“Hay boxes,” thermal cookers, or retained heat cookers have been around just about forever. Legend has it this was used by the early pioneers as well as during WWII to help make the most of limited fuel. It is still used regularly in many developing countries.
The food is brought to a good strong boil in the morning and then placed in an insulated box to continue simmering all day. The basic principle is to insulate the pot well against outside temperatures in order to retain the heat in the pot. Regardless of your choice of insulation, make sure you have at least 4 inches on each side. It takes about 4 times as long to cook, but uses significantly less fuel.
Good candidates for cooking in a thermal cooker include soups, stews, chili, beans, rice, wheat berries, or other items which contain a lot of liquid. Large pieces of meat will not work well.
Always make sure that the food stays above 140 degrees. Bacteria will thrive in a warm environment, but can’t survive high temperatures. If the food is below 140 degrees when you open the cooker, it may be dangerous to consume. Bring it back up to a strong boil before eating. It is better to throw food away than to risk making your family sick.
This method absolutely works! If a problem occurs, evaluate your cooking technique. Do you have enough insulation? Was the food brought up to a strong boil? Were the pieces of food too large? Did the food completely fill the cooking pot? Experiment while food is cheap and available.
Understanding how cook using retained heat is a great skill to master. Cindy Miller has written a great book Let’s Make Sense of Thermal Cooking Cookbook: Yesterday’s Methods Using Today’s Tools that you might want to check out.
After many uses our ice chest began to come apart at the seams due to the heat. However, it works really well and is easy to move and transport. Tuck the pot in and cover with the blankets, making sure that all sides are well-insulated. Close the lid and forget about it.
Wonder Box – This homemade thermal cooker is made from soft cotton or broadcloth (any washable cloth will work) and filled with Polystyrene beads (dried corn husks, feathers, scrap nylon materials, sawdust, wood shavings, straw, hay, dry grasses or any other non-toxic insulating material may be used). The hot pot is set in the bottom of the insulated fabric box and cover with the attached insulated fabric lid.
It is important to use materials which are washable because after a while the bag will start to stink. If using materials such as hay or wood shavings you may develop mold inside the insulating material over time and will need to replace the insulation. Make sure you allow the bag to dry and air out well.
The photo above is a Wonder Box which is stuffed with Polystryrene beads that can be thrown in the washer to clean. The pot fits snugly into the bottom pillow and the smaller pillow fits over the top. It works amazingly well.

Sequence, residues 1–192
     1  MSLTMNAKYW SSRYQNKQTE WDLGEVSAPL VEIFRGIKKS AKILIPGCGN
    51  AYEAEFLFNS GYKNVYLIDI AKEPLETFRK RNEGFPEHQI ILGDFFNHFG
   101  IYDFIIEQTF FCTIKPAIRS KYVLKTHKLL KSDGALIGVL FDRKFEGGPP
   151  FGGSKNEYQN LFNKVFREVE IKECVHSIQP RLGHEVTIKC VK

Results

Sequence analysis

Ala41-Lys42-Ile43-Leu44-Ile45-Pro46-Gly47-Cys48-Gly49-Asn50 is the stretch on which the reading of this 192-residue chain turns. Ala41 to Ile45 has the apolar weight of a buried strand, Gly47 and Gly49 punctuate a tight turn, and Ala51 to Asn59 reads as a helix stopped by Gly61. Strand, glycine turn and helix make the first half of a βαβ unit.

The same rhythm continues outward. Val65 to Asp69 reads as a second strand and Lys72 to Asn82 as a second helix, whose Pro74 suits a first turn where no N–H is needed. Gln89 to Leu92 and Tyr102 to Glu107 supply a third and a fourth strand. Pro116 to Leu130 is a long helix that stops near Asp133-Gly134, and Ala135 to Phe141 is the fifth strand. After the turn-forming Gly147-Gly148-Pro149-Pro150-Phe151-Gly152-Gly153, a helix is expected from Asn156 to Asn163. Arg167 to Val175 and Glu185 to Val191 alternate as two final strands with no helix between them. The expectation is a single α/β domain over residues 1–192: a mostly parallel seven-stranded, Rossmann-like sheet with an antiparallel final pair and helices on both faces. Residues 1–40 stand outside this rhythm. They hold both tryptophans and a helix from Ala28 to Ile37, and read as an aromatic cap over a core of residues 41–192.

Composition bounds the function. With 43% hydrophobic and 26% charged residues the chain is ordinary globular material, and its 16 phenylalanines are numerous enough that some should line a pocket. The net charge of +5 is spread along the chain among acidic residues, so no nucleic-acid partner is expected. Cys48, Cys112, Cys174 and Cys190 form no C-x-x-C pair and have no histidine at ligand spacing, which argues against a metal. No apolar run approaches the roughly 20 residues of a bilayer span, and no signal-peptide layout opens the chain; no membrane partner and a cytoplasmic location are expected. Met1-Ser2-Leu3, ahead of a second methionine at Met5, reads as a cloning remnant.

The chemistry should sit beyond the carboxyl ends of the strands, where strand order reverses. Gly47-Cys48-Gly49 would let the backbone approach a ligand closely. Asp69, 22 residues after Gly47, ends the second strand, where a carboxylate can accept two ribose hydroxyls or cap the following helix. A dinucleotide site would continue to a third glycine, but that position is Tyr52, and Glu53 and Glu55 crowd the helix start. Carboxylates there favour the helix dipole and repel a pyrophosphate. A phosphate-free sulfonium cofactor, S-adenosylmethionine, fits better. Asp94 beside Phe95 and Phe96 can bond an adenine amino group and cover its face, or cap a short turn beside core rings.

Cardboard Hay Box– We made this as an experiment and loved it. It did a fantastic job of holding temperature. Once we put the boiling pot of beans in this box in the early morning and 12 hours later it was still piping hot. Have fun and experiment!
There are a hundred different ways to make a hay box. The high moisture content made this one stink and we ended up throwing it away after a few years because it could not be cleaned.
Be creative and use whatever resources you have. One woman told me that as a child her mother would line the bathtub with blankets, put the hot pot on top, and cover it with more blankets. Just make sure that you have at least 4″ of insulation on all sides. The more the better.
Don’t be tempted to open your retained heat cooker to check on the food as you will lose too much heat. My experience has been that the food is piping hot when I take it out 8 hours later. If for some reason yours is not, bring it back up to a boil before serving.
Modern Thermal Cookers – I absolutely love this Thermos thermal cooker! It works like a hay box using modern technology which makes it super simple to use. You bring your dinner up to a boil in the pot, put it in the carrier, and it continues to cook using no additional energy. I put mine back into the pantry and let it work it’s magic or pack it with us on family outings.
The manufacturer guarantees heat or cold retention for 6-8 hours. I found that it just did not perform quite as well as the more primitive methods. I love the convenience, so I increase the insulation by wrapping it in a towel or baby blanket. The thermal cooker is wonderful for soups, chili, beans, and stews. I use it to keep potato or fruit salads cold. You just won’t believe how incredible thermal cooking is until you try it.
The concept of commercial thermal cookers has taken off and there are several other brands available now. Tamaya offers a 7 quart thermal cooker, my sister-in-law loves her Saratoga Jacks thermal cooker and Tiger makes high quality thermal cookers in several different sizes.
The various sizes are a great benefit because you need to completely fill the pot for optimal performance. A small thermal cooker will work when feeding just a few people, while you may need a larger one when you are cooking for a crowd.
When investing in a commercial thermal cooker, be sure that you buy quality and it will be a valuable tool that you will use for many years to come.
Retained heat, or thermal cooking, is a convenient way to conserve energy every day, but it may be a life saver when fuel is limited during a crisis. I challenge you to experiment with retained heat cooking and discover what a wonderful tool it can be.
Thanks for being part of the solution!